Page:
Browsing by Subject "kNN"

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  • Nykänen, Mikko (Helsingfors universitet, 2011)
    In Finland collation of data needed in forest planning is changing from traditional standwise field inventory to area-based airborne laser scanning and aerial photography inventorying. The aim of this study was to compare prediction accuracy of stand total volume and diameter distribution using following methods: MSN, PRM, ML, FMM and Weibull-distribution. Results were calculated separately for pine, spruce, birch and other tree species. In addition need of calculation time and storage space was established. Sampling plot and stand information used in this study were collected in the vicinity of Evo, Finland. Total of 249 sampling plots were measured. 12 clear-cutting areas measured by logging machine were used as reference data. In addition area-based laser scanning and aerial photographbased features were used in estimation of variables of interest. Results were calculated in all 12 stands and stands which area was over 0,5 hectares (8 pcs). Number of grid neighbours differed between 1 and 10. Depending on method and number of neighbours the relative RMSE and bias of stand total volume varied between 20,76 – 52,86 % and -12,04 – 46,54 % respectively in all stands and between 6,74 – 59,41 % and -8,04 – 49,59 % respectively in stands which area was over 0,5 hectares. Calculation time varied strongly depending on method and number of neighbours. With more developed programming and programs calculation times could decrease substantially. Storage space needed in saving information is not an issue in tested methods even in large-scale applications. According to diameter distribution PRM-method predicts narrow distribution if sampling plot consists of only few trees nearly same size. This affected results especially in PRM2.
  • Mäkinen, Antti (Helsingin yliopisto, 2020)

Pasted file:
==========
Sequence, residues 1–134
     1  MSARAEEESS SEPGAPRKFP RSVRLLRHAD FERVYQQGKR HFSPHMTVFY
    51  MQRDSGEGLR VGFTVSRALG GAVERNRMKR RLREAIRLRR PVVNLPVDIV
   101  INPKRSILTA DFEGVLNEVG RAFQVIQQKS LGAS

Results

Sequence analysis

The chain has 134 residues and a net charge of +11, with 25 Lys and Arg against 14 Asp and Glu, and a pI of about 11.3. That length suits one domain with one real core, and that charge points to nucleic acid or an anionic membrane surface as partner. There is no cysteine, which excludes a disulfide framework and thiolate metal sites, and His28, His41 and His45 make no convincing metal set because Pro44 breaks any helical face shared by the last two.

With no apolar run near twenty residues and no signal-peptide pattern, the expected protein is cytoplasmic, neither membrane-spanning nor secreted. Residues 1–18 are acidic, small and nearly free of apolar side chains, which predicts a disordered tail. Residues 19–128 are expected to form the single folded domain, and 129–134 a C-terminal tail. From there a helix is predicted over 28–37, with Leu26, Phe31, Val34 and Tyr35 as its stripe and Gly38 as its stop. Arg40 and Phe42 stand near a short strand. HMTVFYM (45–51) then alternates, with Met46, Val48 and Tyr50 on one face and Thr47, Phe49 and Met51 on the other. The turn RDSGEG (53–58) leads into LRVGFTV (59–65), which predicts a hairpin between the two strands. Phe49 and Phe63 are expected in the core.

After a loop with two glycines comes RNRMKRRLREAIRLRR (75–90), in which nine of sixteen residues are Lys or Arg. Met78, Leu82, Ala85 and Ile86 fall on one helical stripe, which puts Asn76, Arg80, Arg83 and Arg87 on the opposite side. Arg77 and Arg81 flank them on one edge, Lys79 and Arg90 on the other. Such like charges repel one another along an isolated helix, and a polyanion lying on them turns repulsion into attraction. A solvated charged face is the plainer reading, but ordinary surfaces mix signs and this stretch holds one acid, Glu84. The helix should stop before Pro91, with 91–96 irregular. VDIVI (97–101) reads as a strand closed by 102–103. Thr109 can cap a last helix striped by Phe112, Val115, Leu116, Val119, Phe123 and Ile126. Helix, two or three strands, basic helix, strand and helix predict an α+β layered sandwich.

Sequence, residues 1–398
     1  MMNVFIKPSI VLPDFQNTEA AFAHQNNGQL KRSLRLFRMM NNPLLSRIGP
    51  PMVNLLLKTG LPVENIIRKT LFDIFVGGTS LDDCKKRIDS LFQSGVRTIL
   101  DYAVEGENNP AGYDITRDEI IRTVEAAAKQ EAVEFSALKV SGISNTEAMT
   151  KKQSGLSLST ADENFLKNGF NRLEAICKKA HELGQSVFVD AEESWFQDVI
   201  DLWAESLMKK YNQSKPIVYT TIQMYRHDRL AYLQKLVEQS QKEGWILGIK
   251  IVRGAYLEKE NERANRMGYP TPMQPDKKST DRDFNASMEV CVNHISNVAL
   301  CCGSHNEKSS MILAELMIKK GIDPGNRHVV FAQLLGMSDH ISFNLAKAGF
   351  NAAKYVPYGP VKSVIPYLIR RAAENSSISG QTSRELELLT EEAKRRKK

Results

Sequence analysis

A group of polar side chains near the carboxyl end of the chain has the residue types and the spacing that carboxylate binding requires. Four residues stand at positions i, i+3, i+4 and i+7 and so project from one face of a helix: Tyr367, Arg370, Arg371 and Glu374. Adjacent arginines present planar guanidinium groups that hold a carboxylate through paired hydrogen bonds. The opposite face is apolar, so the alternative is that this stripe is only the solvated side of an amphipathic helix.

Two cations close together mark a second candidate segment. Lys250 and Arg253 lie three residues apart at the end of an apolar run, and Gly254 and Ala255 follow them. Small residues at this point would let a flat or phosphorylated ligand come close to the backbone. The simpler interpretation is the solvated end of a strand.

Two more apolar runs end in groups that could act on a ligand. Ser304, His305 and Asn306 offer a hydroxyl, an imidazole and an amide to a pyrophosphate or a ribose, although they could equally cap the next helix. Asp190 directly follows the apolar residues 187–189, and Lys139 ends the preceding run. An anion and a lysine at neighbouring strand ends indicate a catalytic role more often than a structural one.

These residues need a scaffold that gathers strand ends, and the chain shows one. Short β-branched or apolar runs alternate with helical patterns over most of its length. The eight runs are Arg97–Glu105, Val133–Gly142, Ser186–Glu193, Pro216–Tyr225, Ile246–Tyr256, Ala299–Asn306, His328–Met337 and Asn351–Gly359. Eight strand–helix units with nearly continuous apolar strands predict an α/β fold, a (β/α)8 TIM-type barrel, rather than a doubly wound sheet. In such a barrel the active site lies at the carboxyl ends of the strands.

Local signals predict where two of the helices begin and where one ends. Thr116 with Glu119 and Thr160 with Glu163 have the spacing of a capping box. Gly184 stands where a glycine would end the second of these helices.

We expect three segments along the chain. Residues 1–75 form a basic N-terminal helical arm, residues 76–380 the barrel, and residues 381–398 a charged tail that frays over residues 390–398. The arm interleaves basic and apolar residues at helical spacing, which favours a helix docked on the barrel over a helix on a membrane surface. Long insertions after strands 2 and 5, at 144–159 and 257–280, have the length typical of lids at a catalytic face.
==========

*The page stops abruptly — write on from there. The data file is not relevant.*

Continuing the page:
Urban trees and forests are important for human well-being and the diversity of urban nature. Urban forests maintain biodiversity, improve air quality and offer aesthetic and recreational value. The urban trees have also some negative effects. Trees in bad condition can cause harm or danger to humans property. Dense and shady urban forests may cause feelings of insecurity and tree pollen can cause health problems. The urban trees require intensive management and their condition must be constantly monitored. Maximizing the benefits of urban trees and minimizing disadvantages requires detailed data on urban trees. For this reason, many municipalities and cities maintain a tree register with accurate information on individual city trees. Traditionally, data on urban trees have been collected and updated by field surveys, which is laborious and expensive. New laser scanning methods that produce accurate three-dimensional information offer the opportunity to automatically update the tree register. Interest in utilizing them in urban tree mapping and monitoring has been growing rapidly in recent years. This thesis studied ALS-based individual tree detection methods in urban tree mapping. The aim of this study was to determine whether the accuracy of the automatically generated canopy map from ALS-data could be improved by a semi-automatic method. Initially, a detailed canopy map of trees was produced by automated method. Tree candidates were deliniated from the surface model by utilizing watershed segmentation. The canopy segmentation produced by the automated method was visually modified and incorrectly delimited canopy segments were corrected. This resulted in a semi-automatically produced canopy map. The results of the automatic and semi-automatic canopy segmentation method were compared by determining the detection accuracy of the trees and the modeling accuracy of the tree diameter. The results were compared with the number and the diameter of trees measured in the field. Non-parametric random forest method and the nearest neighbor (kNN) method were used in the diameter modeling process. The study area consisted of nine Helsinki hospital areas with a total area of 47,2 ha. There were 4365 trees and 37 different tree species measured in the field. The automatic method produced 6860 trees and the semi-automatic method produced 3500 trees. Thus, the automatic method produced an overestimation of 57.2% and the semi-automatic method produced an underestimation of 19.5 % compared to the reference trees. The largest overestimation by the automatic method was in the Koskela study area (221.6 %) and the smallest underestimation was produced by the semi-automatic method in the Suursuo study area (75.5 %). 63 % of the canopy segments produced by the automatic method were commission errors and 33% of the canopy segments produced by semi-automatic method were commission errors. With the automatic method, the absolute RMSE of the diameter prediction was 12,84 cm and 10,99 cm with semi-automatic method. The diameter predictions of the whole data were 6 % more accurate with the semi-automatic method. The results of the study showed that the accuracy of the automatically generated canopy map from the laser scanning data can be improved by the semi-automatic method. Tree mapping accuracy improved in terms of both tree detection accuracy and diameter modeling accuracy. Based on the results of the study, it can be stated that the semi-automatic method is useful especially in parkland areas, but in densely wooded forest areas there is still issues to solve make this method practical. The benefits of a semi-automated method should be assessed by comparing the workload with the results. Based on this study, the semi-automatic individual tree detection method used in this work could be useful in the operational mapping and monitoring of urban trees.